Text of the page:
The partnership with City of Hope.

Whereas Walmart lets workers diagnosed with cancer to seek treatment at the Mayo Clinic, Amazon is partnering with City of Hope hospital in California. The e-commerce giant will cover all of the travel costs for its workers to seek opinions from City of Hope.

It’s a win-win: employees get access to coverage outside of just the local options, and Amazon aims to lower its healthcare costs when its workers receive arguably better, more effective care from a reputable provider.

4. UnitedHealthcare decides to implement site-neutral payments itself

A push away from hospital-based facilities.

Similar to Anthem’s outpatient imaging policy back in 2017, UnitedHealthcare is trying to shift its covered lives to ‘lower-cost’ settings by limiting who can receive outpatient surgeries and procedures at a hospital-based facility an “HOPD” (i.e., an outpatient clinic or surgery center that is actually a department of a hospital).

Beginning in November, UNH will cover the costs of a procedure at an HOPD it determines that the site of care at the hospital outpatient department was medically necessary.

The bigger picture — site neutral payments.

Earlier this year, HHS’ site-neutral payment policy — meaning that hospital outpatient departments and freestanding facilities would be paid the same — was shot down in court.

Insurers are always in favor of steering patients to lower-cost settings. In this case, freestanding ambulatory surgery centers should be the big winners — and hospitals are getting left out to dry.

Policy Corner, week of October 21, 2019

Medicaid work requirements are apparently costing states millions.

Requiring people to work in order to receive Medicaid was a contentious issue when first unveiled in states like Arkansas. In theory, it sounded like a solid proposal — contribute to your local economy, and get rewarded with Medicaid coverage / public welfare.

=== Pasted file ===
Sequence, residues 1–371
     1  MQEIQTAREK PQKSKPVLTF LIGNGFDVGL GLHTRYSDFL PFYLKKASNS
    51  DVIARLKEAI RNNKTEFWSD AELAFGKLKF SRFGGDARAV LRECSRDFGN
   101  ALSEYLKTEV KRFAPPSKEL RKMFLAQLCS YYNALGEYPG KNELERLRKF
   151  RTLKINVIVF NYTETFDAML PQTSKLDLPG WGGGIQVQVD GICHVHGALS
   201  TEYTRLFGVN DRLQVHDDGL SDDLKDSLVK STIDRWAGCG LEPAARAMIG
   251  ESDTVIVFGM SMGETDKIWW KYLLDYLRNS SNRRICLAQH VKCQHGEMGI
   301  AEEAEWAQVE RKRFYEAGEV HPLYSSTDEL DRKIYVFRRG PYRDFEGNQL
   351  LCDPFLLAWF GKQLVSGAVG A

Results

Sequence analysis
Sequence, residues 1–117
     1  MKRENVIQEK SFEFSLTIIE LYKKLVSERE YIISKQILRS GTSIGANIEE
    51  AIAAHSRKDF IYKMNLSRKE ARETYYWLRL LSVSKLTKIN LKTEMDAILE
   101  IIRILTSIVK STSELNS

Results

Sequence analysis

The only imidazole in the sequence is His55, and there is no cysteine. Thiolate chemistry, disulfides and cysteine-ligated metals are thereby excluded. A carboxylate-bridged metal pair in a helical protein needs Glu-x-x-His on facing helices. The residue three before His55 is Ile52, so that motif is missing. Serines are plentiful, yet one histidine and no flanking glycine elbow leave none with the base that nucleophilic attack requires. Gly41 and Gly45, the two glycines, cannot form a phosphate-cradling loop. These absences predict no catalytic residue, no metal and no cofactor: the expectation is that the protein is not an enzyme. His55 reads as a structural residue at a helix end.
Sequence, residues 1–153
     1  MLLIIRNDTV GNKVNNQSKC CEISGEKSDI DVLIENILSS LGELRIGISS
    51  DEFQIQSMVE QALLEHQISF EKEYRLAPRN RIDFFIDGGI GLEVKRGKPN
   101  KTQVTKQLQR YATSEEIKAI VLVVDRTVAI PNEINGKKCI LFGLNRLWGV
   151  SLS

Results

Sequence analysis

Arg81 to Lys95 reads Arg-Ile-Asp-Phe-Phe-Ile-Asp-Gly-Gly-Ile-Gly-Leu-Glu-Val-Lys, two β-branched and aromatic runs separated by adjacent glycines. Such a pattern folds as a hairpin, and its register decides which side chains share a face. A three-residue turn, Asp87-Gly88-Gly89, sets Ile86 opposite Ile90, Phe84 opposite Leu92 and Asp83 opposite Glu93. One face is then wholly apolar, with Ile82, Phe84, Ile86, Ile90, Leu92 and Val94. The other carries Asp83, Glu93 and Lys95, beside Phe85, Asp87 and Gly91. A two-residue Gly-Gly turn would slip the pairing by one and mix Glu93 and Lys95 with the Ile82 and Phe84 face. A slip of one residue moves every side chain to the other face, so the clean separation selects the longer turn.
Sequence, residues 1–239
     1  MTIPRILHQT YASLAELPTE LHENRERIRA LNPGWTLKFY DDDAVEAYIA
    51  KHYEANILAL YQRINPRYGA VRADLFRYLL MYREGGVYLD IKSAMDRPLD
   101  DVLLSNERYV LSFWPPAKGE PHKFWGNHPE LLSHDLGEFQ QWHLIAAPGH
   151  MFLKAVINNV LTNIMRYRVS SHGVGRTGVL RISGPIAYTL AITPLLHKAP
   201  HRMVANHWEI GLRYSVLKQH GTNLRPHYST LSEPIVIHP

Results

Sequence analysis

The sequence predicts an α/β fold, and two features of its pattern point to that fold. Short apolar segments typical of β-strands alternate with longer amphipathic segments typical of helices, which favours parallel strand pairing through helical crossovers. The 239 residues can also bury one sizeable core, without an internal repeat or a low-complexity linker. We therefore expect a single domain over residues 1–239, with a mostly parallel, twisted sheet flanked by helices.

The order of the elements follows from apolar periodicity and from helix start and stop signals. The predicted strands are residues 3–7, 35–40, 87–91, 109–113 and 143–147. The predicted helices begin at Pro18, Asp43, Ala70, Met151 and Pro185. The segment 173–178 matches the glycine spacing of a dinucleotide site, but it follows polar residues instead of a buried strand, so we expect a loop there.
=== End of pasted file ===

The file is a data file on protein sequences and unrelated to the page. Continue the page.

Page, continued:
Then, questions arose about the implementation of the said proposal. How would the reporting work? Who would hold the individuals accountable? Not to mention scrutiny the policy received from court. No one really knew whether the work requirements were ‘working’ (haha) or not.

This week, we received the first data point: a federal report indicated that Medicaid work requirements are actually costing states millions based on the administrative costs required to run these programs.

Read the full federal report here.

Pelosi’s Plan passes a Key House committee.

A few more developments emerged from the Pelosi Drug Pricing camp this week (which still has no chance of passing the Senate as long as Mitch McConnell is around).

The drug pricing bill advanced through the House Energy and Commerce Committee, but still must pass through 2 more committees before it reaches the floor.

Pelosi’s Plan gets Vetted by the CBO, Others.

In other news, the Congressional Budget Office released an analysis of the drug pricing proposal, finding that the plan would potentially save Medicare around $370 billion over 6 years by imposing price controls.

Democrats were huge fans of this news, while Big Pharma and Republicans stressed that any proposal that reduced drug revenues this drastically — estimated between $500 billion and $1 trillion — would result in severely less innovation for new drugs entering the market.